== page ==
It’s also worth noting that in the same room as the Rainforest Adventures exhibit is the Little Explorers play area for children under 3. It’s a little closed off space to let toddlers roam at will! In my opinion though, older two year olds would probably be bored in there after too long, but it’s perfect for younger toddlers and older infants.

Next, we head around the corner into a large, open area which has the Fantastic You and Your Town exhibits.

Fantastic You features several exhibits all about the human body: from the heart and stomach to teeth as well as a wheelchair obstacle course so that kids can experience what it would be like to be physical disabled. My kids love rolling around in the “stomach” and sliding down the “intestine” slide.

Your Town is a bunch of mini-exhibits where kids can experience what it’s like to be a grown up, except better. There’s a diner, a doctor’s office, a bus, a theatre, a news channel studio, a bank, a grocery store, a fire station, an auto shop, a police station, a post office, a vet’s office…. And more that I’m sure I forgot. The theatre, featuring music and lighting that the kids can operate for their “shows” and tons of dress up costumes, is probably the most entertaining for me. My kids are both total hams and love to put on shows for me to record.

Past the Your Town exhibits is the Imaginarium and the reading area. The reading area features story times every Tuesday from 10:30-11, or you can go in on your own for a snuggle and a book. The Imaginarium is a classroom used for, I assume, the center’s regular classes such as Kids in the Kitchen, though we haven’t yet attended any of those events to know for sure.

During our first two visits to the center, we thought this was it. And it was still amazing! Little did I know, there’s actually ANOTHER floor with awesome stuff, and it’s probably better than the first floor. So don’t be like me and miss the third floor! (The second floor is roped off and not open to the public).

The third floor has the Hawaiian Rainbows and Your Rainbow World exhibits. Hawaiian Rainbows is all about everything that makes Hawaii awesome, from some of the history and native culture, to tropical reefs, to an exhibit by Hawaiian Airlines with a kid-friendly flight simulator in a real airplane cockpit that you can imagine the kids just LOVE.

Your Rainbow World is probably my personal favorite area, but so far my kids have only had a passing interest in a rush to play in the airplane. It features tiny houses from several different cultures around the world (particularly cultures that are commonly found in Hawaii), complete with traditional decorations, dress up clothing, furniture, and play food. You can pick up a telephone at the house and hear a message in that culture’s language. I think it’s such a neat, creative way to show kids about cultures they might not know much about. Note: according to their website, Rainbow World will be under renovations from March 26 – May 5, but I’m not sure if that message is up to date or not…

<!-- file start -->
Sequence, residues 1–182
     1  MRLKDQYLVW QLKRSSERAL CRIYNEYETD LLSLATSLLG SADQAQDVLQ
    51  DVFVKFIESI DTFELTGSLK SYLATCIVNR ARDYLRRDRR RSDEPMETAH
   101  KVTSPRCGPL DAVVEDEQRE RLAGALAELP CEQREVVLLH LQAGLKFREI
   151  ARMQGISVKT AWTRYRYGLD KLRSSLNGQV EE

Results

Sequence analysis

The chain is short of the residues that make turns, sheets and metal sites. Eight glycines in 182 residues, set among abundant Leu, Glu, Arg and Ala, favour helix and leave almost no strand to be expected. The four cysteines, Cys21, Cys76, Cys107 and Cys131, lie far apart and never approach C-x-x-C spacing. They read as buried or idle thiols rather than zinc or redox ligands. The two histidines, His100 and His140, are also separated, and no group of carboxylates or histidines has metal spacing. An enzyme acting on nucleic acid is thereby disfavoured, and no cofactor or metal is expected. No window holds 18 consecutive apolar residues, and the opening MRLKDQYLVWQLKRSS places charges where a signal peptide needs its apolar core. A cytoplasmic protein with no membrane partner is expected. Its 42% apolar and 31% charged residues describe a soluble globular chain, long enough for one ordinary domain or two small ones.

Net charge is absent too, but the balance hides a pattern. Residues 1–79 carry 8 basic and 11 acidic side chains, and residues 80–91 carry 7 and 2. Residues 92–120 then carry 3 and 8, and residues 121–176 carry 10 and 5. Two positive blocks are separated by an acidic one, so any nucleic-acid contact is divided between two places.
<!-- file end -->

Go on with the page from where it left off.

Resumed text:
Now for the nitty gritty of what you really want to know: the cost.  

I like this place, but it isn’t a place we visit often enough for an annual pass. We’ve gone about 4 times in 2.5 years living here. We go, my kids have a blast, and then they’re good with it for 6 months. Their memberships are also strangely organized, where a base membership is “2 people,” presumably 1 adult and 1 child, for $150. But then the next level up is 2 adults and 1 child for $225. Seriously, who has 2 adults and 1 child going to these places? The next level allows for 2 adults and 2 children for $300. But with military/kama’aina discount a day pass is $10 per person. That’s $30 per visit for the 3 of us. We would have to go 10 times in a year for that to work… so in my opinion the annual pass is not worth it. However, the $30 is well worth the price to go once and spend a few hours.

The location is decent enough being in Kaka’ako. At times there can be several homeless encampments in the park, but I’ve not had any negative experiences related to that. The parking is part of the park parking, so it’s a large, free lot. Parking has never been an issue when visiting.

The hours are a bit strange, and that’s where I’ve seen the most complaints on their Facebook. They are only open Tuesday – Thursday from 9am – 1pm, and Saturdays and Sundays from 10am – 3pm. Now, it doesn’t bother me because my kids are morning people, but it does leave out any after school visits if you keep a regular school day. Also, I will warn you now that it gets SUPER crowded on rainy days and if school is out (doubly so if both occur), so get there early if the weather is bad.

Overall, the Hawaii Children’s Discovery Center is a great place to visit when you and the kids are in the mood for something different. It’s great for just a fun day of play or as a homeschool field trip. Plan a visit soon, and then come back and tell me what you thought!


Admission: $10 military/kama’aina, children under 1 are free

Hours: Tues – Fri, 9 am – 1pm; Sat & Sun, 10 am – 3pm

Parking: Dedicated free parking lot next to the center.